Kentucky: Federal judge shoots down #DanceSpiderDance* work requirement!
Basically, Republicans have gone from saying "screw the poor" to "OK, you can see a doctor but only if you dance for me first."
ca·pri·cious (kəˈpriSHəs,kəˈprēSHəs/adjective): given to sudden and unaccountable changes of mood or behavior.
"a capricious and often brutal administration"
synonyms:fickle, inconstant, changeable, variable, mercurial, volatile, unpredictable, temperamental
HUGE. This doesn’t just impact Kentucky, it also has implications for Michigan, Ohio, Arkansas, Indiana...
BREAKING: A federal just just struck down Kentucky's Medicaid requirements.
"The Secretary's approval of Kentucky HEALTH is VACATED and REMANDED to the agency; and 4) Judgment is ENTERED in favor of Plaintiffs."
More to come...
— Alice Ollstein (@AliceOllstein) June 29, 2018
— Charles Gaba (@charles_gaba) June 29, 2018
The Trump administration’s approval of Kentucky’s strict Medicaid work requirement, set to go into effect July 1, was vacated on Friday by a federal judge in Washington D.C. and sent back to the Department of Health and Human Services for reconsideration.
In a sweeping ruling striking down the entirety of Kentucky’s Medicaid waiver, U.S. District Judge James Boasberg sided with the dozen-plus low-income Kentuckians who had challenged the new rules, and said that the Trump administration acted in an “arbitrary and capricious” manner by approving them.
“The Secretary never adequately considered whether Kentucky HEALTH would in fact help the state furnish medical assistance to its citizens, a central objective of Medicaid,” Boasberg wrote, later adding that HHS “entirely failed to consider Kentucky’s estimate that 95,000 persons would leave its Medicaid rolls during the 5-year project.”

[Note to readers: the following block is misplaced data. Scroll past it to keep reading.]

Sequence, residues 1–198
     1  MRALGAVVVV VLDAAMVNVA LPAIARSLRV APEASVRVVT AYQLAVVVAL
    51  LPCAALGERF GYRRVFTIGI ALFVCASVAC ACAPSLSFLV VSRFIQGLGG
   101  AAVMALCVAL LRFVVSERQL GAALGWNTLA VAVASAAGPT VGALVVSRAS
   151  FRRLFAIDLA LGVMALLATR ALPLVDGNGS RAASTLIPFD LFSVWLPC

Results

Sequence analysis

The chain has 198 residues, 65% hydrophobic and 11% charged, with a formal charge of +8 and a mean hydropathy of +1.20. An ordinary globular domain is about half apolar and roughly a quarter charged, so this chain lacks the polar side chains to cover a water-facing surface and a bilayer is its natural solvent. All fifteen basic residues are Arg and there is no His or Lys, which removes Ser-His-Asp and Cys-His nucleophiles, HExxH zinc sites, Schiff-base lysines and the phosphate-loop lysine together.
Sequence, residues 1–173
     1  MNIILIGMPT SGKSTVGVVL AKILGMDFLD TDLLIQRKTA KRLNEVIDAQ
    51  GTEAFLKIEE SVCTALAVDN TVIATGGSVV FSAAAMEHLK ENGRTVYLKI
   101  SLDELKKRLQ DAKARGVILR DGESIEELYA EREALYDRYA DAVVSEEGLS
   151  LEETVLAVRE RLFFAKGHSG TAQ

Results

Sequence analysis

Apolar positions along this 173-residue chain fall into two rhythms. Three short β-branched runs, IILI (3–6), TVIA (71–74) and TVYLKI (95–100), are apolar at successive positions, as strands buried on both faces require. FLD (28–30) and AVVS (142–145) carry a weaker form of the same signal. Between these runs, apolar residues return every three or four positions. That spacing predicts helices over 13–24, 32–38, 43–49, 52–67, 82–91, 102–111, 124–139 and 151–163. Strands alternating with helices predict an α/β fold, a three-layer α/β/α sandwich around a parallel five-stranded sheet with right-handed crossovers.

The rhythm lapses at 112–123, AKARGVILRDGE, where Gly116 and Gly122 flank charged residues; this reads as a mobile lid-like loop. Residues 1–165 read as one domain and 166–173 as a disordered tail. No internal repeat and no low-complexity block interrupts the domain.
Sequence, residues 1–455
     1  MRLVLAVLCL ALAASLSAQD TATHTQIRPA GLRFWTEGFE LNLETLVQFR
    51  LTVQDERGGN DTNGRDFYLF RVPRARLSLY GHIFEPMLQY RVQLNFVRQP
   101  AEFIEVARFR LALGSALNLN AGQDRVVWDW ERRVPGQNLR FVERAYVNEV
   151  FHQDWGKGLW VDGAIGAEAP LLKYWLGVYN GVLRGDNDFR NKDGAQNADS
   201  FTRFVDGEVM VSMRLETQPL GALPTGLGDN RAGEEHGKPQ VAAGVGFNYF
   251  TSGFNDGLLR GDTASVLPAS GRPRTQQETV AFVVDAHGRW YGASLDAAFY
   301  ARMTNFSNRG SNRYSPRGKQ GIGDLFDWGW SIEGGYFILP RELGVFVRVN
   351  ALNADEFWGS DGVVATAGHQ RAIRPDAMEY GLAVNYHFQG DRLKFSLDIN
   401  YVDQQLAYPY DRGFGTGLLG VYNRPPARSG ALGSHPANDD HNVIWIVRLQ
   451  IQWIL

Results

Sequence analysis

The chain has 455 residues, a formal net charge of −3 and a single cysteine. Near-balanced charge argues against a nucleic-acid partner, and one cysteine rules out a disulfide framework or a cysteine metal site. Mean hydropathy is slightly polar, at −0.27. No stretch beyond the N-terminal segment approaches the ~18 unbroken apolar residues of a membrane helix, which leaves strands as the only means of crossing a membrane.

As a reminder, the entire point of Medicaid is...you know...to provide healthcare coverage to people. The purpose of it is not to "inspire" or "goad" people into working (especially when the vast majority of those on Medicaid via ACA expansion do either work, go to school, care for a sick relative and so forth anyway).
Though far from the final word on the matter, Friday’s ruling is a resounding defeat for the Trump administration’s health agenda, of which Medicaid work requirements has been a top priority. Following the failure of the GOP-controlled Congress to repeal the Affordable Care Act and abolish its optional expansion of Medicaid, the administration has turned to the state Medicaid waiver process, approving policies that will deny health coverage to hundreds of thousands of people.
So much winning!
It's extremely important to keep in mind that this isn't just about Kentucky--this will have significant implications for the dozen or so other states which have either imposed work requirements for Medicaid expansion already or are waiting in the wings to do so...including my own state of Michigan, where the GOP-controlled legislature and GOP governor just signed off on their own work requirement law which is, if anything, more draconian that Kentucky's.
Friday’s victory for the plaintiffs — who were represented by the National Health Law Program, the Kentucky Equal Justice Center and the Southern Poverty Law Center — will likely inspire similar lawsuits in those other states.
Kentucky’s waiver, had it been allowed to go into effect, would have denied coverage to non-disabled state residents who could not prove they were working at least 80 hours per month. It would also have charged low-income Medicaid recipients health care premiums, eliminated full coverage of dental care, vision services, and over-the-counter medications for many adults, ended retroactive Medicaid coverage, and implemented a six-month lockout period for people who failed to re-enroll in time or report a change in income.